Today, the fields around the prison, which closed in 2001, are filled with upscale houses and apartment buildings. At the newly built town center, many residents gather on summer nights near a courtyard gazebo to hear live jazz before wandering into a restaurant or wine bar.
Non-whites no longer stick out in a crowd. Lorton is one of the most diverse places in the entire country, according to a new study of census data by two sociologists from Pennsylvania State University. The 19,000 residents are roughly a third white and a third black, and there are significant numbers of Asians, Hispanics and multiracial residents.
“I’m in awe of what’s happened,” said Clarke, 37, who left for college and didn’t move back until a year and a half ago, settling in an apartment complex with her husband and daughter. “I love living here.”
What’s happened in Lorton is typical of a demographic sea change that is transforming the Washington area and much of the country. Non-Hispanic whites are a minority in a growing number of metropolitan areas, including Washington. Predominantly white neighborhoods are a relic of the past. New developments that appeal to young families are among the most diverse, drawing Hispanics and Asians who, on average, are much younger than the whites.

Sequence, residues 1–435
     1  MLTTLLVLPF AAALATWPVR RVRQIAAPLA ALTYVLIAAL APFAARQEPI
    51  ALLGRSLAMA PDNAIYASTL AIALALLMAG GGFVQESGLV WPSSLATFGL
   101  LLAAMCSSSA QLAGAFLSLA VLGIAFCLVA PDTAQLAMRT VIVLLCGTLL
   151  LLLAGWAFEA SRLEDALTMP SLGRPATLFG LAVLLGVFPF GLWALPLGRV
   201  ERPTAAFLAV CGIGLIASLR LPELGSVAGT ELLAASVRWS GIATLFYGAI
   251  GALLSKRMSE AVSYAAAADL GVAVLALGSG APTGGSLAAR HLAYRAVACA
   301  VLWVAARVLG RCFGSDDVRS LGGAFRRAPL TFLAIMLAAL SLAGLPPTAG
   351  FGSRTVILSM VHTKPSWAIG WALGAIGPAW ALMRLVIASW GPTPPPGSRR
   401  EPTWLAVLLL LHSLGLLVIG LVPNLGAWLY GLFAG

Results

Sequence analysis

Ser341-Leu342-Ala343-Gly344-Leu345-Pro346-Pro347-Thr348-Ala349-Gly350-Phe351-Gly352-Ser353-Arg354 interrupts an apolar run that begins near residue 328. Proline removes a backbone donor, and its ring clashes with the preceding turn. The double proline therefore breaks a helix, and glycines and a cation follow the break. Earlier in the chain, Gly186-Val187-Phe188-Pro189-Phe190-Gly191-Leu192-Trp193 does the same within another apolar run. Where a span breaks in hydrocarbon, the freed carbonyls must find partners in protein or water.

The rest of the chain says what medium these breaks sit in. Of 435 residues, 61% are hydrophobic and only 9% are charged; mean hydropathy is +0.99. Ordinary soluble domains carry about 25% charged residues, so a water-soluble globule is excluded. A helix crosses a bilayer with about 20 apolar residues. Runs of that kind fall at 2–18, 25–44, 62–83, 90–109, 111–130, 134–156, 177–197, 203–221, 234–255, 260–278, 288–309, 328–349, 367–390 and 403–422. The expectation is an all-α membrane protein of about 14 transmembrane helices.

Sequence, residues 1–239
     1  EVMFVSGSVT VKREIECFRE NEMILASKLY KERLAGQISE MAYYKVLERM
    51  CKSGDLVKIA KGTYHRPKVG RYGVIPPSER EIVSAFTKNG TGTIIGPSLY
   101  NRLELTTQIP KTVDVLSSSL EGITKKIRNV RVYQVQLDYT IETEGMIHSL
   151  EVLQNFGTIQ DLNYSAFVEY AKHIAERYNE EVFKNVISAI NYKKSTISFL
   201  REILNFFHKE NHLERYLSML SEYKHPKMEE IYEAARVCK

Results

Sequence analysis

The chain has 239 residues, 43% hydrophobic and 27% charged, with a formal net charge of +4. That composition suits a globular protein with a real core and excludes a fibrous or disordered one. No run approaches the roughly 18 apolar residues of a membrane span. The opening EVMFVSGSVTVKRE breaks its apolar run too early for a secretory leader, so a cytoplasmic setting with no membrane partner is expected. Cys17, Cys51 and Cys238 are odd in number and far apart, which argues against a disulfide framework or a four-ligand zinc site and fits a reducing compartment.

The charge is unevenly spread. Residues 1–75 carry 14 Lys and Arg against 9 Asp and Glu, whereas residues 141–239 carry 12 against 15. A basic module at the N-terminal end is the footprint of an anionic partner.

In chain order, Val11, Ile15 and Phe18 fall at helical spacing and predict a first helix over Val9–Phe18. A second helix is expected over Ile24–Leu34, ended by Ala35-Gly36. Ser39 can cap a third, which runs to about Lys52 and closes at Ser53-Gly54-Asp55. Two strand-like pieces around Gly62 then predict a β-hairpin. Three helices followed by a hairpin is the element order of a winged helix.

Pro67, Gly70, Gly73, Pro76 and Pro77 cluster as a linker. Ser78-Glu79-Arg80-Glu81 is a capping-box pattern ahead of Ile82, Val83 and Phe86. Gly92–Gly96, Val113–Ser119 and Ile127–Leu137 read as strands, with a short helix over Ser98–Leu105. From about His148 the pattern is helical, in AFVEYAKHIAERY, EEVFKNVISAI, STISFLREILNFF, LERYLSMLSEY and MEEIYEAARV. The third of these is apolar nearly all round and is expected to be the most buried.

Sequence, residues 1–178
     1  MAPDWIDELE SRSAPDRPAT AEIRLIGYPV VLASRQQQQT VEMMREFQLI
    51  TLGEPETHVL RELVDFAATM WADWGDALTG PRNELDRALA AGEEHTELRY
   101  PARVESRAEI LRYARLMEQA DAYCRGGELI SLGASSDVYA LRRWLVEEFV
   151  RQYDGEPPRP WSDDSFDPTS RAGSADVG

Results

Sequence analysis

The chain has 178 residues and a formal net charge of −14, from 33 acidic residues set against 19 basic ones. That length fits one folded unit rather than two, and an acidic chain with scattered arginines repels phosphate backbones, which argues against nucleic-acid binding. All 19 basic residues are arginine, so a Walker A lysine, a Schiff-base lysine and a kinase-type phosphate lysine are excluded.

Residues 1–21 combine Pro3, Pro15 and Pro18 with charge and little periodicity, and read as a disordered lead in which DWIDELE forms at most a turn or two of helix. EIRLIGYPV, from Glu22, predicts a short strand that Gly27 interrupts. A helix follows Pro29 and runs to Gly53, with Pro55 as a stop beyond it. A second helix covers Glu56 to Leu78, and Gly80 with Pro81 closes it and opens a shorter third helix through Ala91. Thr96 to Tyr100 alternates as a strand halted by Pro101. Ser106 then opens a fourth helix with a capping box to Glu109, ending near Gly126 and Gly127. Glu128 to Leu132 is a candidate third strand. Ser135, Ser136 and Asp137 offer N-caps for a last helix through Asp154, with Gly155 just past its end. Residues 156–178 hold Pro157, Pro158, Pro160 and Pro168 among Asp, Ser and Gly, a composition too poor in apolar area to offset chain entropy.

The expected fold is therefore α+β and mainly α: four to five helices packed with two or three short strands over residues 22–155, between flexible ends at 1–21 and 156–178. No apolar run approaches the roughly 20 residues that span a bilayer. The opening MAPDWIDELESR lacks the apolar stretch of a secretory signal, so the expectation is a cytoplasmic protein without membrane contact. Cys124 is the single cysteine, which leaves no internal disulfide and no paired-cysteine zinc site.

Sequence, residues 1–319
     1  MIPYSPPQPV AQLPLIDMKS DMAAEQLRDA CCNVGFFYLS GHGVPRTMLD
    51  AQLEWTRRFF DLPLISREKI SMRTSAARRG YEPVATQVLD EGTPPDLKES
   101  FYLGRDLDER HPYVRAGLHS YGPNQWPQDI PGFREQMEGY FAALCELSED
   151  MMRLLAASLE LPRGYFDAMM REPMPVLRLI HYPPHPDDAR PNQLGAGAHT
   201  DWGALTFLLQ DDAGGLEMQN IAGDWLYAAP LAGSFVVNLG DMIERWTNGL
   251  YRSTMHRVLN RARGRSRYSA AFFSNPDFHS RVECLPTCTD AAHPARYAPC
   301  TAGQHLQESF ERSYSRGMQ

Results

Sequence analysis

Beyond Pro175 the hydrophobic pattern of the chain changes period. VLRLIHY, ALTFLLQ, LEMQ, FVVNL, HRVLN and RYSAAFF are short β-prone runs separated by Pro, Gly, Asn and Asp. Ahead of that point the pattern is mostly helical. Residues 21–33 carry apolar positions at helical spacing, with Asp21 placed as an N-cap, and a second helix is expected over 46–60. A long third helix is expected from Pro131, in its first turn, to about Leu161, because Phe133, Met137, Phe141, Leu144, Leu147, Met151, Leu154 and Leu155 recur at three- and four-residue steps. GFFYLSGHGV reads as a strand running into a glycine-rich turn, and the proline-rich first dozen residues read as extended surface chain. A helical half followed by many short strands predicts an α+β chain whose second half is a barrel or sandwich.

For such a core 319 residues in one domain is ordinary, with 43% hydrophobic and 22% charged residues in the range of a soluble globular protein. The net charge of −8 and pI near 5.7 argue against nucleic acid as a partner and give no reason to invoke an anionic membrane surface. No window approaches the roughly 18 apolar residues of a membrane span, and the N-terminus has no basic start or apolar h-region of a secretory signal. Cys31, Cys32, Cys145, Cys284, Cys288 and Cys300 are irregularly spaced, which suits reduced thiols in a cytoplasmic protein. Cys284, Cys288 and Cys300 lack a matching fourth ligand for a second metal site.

Although metropolitan areas are the most diverse, small towns and the countryside are also attracting more minorities. The Penn State researchers found that whites are the predominant group in barely one-third of all places of 1,000 residents or more, compared with two-thirds in 1980.
“Racial and ethnic diversity is no longer a vicarious experience for Americans,” said Barrett A. Lee, one of the study’s authors. “It used to be something that was recognized and debated at the national level. But now even residents of small towns and rural areas are coming face to face with people of different races or ethnicity in their daily lives, not just on the evening news.”
The Washington area stands out for its broad demographic mix. The Penn State researchers ranked the top 25 most-diverse metropolitan areas, and only three metro areas — all in California — had greater diversity than Washington.
The researchers compiled a separate list of the nation’s top 25 most-diverse communities. In addition to Lorton, Germantown and Glenmont in Montgomery County made the list, otherwise dominated by California.
One reason behind Washington’s diversity is that it is what the Penn State study called a “company town,” this one where the government and the military have a large presence.